One way to evaluate specific philosophies is to see whether they can be lived. Those brave folk who begin this quest encounter philosophers who invite them to penetrate the illusions of appearance and the delusions of common sense. Voltaire said that common sense isn’t very common and we might add that it isn’t very sensible. Philosophy is, therefore, a challenge because readers enter into dialogue with thinkers of the past who are nonetheless their contemporaries; through constant questioning they struggle to achieve wisdom. The willingness to set aside conventional thinking in order to confront new ideas is what the ancient Greeks called ‘examining one’s life’. One examines one’s life by thinking – by talking to oneself – and thinking about thinking is philosophy.

As philosophers talk to and argue with themselves a book about various philosophers talks to readers in different voices. Jean-Paul Sartre says somewhere that people who eschew philosophy are boring because they always speak with the same voice, something we cannot accuse Sartre of doing. Philosophy may have its critics but it can scarcely be said to be boring since it offers readers a bewildering variety of voices from which to choose. When ‘I’ speaks in different voices and ‘me’ listens, we do not enter a schizophrenic world but engage in an intelligent play of personal perspectives. Even the whispering voice so beloved by mad and bad people is philosophy in action.

The acceptance or rejection of philosophies is a complex matter and not well understood. Historically, philosophers assumed that the acceptance or rejection of their ideas would be based on rational criteria. More recently, under the impact of postmodernism, philosophies have been evaluated according to how people feel about them. Clearly, interests and inclinations play an important part in securing for a philosophy a popular following; philosophies are more likely to be judged by pragmatic criteria than by their logical coherence or empirical support. The popularity of philosophies, therefore, is frequently based on whether they ‘work’ for particular individuals or groups and this has the unhappy consequence that all philosophies, like all religions, are true when they work for some people. But, logically, they cannot all be true since they contradict each other. Of course, they can all be false, but how does one judge this pragmatically?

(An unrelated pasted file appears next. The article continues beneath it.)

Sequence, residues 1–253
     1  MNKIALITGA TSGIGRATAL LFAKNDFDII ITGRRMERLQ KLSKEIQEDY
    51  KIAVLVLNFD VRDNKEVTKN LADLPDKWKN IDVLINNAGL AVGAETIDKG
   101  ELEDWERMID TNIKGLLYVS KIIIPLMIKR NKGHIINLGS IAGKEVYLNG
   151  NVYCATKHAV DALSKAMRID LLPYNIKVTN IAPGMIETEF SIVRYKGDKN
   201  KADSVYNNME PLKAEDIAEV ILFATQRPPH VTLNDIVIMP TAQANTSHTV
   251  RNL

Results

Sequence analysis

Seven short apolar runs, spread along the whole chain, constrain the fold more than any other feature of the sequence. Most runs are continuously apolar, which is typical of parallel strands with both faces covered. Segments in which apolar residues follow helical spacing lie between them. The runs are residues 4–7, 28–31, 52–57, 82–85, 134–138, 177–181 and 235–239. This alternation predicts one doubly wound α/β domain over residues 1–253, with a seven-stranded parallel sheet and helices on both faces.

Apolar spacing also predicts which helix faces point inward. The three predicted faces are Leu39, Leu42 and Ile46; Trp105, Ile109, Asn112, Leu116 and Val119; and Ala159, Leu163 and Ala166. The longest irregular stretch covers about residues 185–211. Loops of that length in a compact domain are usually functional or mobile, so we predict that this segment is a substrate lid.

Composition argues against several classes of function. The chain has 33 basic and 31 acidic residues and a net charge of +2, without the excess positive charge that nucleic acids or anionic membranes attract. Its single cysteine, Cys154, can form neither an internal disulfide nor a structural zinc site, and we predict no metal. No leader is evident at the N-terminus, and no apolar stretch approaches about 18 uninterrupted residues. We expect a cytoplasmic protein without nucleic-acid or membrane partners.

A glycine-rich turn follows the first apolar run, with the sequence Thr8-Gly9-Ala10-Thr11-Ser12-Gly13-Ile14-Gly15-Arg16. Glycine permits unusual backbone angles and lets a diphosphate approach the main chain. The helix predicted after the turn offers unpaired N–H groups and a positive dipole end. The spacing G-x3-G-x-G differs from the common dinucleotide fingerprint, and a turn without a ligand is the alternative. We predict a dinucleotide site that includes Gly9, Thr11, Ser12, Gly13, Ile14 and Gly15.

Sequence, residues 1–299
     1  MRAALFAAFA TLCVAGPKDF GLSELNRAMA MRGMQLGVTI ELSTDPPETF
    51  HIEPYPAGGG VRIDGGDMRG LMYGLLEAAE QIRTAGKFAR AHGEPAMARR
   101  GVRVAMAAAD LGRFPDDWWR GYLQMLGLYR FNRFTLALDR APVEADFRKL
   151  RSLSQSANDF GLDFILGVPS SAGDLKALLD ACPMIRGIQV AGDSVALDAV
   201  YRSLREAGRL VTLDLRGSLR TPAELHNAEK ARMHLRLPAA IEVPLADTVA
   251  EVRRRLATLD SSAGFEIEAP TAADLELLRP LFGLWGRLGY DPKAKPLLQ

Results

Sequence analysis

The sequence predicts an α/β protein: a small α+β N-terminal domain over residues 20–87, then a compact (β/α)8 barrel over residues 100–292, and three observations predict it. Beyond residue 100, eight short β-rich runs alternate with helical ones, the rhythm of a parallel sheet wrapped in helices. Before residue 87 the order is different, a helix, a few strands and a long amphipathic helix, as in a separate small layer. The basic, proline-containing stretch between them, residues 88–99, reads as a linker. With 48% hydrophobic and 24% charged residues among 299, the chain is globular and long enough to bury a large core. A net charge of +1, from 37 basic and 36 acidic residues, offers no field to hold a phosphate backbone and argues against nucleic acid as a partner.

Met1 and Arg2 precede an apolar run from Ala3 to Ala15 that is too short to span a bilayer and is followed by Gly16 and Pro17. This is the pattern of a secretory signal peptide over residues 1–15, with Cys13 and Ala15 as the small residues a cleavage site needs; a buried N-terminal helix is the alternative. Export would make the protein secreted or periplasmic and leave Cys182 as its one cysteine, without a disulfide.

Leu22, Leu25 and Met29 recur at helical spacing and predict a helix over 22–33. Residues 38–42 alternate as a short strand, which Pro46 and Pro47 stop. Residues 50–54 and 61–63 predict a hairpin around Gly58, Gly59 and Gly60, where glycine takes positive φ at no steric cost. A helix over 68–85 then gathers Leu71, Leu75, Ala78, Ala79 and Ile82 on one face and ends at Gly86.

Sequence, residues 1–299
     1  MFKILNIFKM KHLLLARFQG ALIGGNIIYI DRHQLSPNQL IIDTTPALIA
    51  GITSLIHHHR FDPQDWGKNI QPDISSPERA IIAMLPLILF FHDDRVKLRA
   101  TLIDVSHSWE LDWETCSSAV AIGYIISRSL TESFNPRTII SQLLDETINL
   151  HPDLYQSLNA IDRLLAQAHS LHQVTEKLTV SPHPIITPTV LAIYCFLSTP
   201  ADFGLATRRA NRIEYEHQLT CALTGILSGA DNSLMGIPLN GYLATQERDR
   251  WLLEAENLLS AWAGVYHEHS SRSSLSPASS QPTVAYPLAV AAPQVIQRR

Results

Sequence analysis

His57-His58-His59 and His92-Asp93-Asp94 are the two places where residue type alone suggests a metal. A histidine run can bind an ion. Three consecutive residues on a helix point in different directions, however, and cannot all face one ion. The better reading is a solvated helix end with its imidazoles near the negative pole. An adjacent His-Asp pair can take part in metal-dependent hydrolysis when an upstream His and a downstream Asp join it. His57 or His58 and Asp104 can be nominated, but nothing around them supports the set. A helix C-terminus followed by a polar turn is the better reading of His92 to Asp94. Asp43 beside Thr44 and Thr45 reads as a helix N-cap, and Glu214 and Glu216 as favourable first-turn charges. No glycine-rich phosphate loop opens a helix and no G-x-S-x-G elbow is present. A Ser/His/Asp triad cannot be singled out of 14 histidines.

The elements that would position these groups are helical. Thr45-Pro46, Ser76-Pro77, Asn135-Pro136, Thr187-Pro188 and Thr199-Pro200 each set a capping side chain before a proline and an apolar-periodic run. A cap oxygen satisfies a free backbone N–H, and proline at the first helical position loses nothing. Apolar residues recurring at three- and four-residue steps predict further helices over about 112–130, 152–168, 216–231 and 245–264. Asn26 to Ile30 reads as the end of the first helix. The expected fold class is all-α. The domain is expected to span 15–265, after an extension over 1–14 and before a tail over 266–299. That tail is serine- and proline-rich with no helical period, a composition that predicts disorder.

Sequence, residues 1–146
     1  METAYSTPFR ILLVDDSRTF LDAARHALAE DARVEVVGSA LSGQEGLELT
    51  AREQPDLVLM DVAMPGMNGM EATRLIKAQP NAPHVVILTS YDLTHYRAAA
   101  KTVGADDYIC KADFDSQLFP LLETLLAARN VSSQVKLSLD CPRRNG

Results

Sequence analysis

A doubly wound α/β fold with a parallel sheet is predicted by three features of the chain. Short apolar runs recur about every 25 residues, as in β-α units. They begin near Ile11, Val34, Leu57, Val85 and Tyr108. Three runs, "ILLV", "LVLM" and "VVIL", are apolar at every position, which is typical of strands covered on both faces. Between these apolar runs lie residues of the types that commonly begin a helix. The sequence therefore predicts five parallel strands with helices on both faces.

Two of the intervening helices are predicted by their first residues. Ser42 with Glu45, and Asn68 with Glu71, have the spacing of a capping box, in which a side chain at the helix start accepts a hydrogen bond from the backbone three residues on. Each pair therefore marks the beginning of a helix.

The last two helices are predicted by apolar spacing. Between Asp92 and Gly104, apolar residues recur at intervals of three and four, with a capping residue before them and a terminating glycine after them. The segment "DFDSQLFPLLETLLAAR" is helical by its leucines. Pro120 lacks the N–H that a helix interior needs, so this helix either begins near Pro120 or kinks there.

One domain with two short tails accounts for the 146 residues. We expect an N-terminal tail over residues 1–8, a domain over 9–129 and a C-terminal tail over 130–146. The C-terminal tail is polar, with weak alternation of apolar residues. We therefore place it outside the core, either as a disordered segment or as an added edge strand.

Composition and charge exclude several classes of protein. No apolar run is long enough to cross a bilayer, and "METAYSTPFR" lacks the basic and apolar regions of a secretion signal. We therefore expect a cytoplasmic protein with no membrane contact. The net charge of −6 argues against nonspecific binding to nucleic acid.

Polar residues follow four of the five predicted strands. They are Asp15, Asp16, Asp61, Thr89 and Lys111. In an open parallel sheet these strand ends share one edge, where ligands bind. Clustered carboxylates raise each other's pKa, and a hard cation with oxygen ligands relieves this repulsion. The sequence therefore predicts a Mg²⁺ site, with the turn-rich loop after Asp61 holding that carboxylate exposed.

If truth is what works, it is open to us to judge true propositions by whether they feel right, true or good. Whether we call this reason for believing a proposition to be true ‘feelings’ or ‘faith’ is philosophically unimportant, although it is of considerable interest to clinical psychologists. To have faith in a philosophy is to admit that while there are neither logical nor empirical grounds for accepting its main propositions, one accepts them all the same. Such beliefs increase happiness for some people and that is considered to be sufficient justification.